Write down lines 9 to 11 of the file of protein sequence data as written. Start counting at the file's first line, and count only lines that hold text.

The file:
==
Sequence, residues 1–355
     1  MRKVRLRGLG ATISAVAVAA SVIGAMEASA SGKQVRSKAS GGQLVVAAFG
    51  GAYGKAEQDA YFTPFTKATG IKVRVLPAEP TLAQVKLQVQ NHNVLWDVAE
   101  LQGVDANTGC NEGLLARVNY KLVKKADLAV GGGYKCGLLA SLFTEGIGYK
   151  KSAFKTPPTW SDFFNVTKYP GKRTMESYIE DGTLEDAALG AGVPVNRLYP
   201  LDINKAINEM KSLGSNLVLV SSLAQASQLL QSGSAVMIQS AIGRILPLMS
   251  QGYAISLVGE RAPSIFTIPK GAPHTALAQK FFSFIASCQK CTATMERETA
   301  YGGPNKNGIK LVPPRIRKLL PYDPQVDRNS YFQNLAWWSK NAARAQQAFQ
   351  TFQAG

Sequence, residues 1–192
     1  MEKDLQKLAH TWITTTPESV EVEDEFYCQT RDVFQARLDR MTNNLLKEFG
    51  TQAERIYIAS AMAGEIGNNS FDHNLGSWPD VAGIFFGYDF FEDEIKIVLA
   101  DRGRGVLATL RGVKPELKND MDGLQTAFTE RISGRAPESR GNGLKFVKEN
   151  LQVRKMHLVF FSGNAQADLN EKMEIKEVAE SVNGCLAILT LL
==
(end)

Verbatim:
   351  TFQAG

Sequence, residues 1–192
     1  MEKDLQKLAH TWITTTPESV EVEDEFYCQT RDVFQARLDR MTNNLLKEFG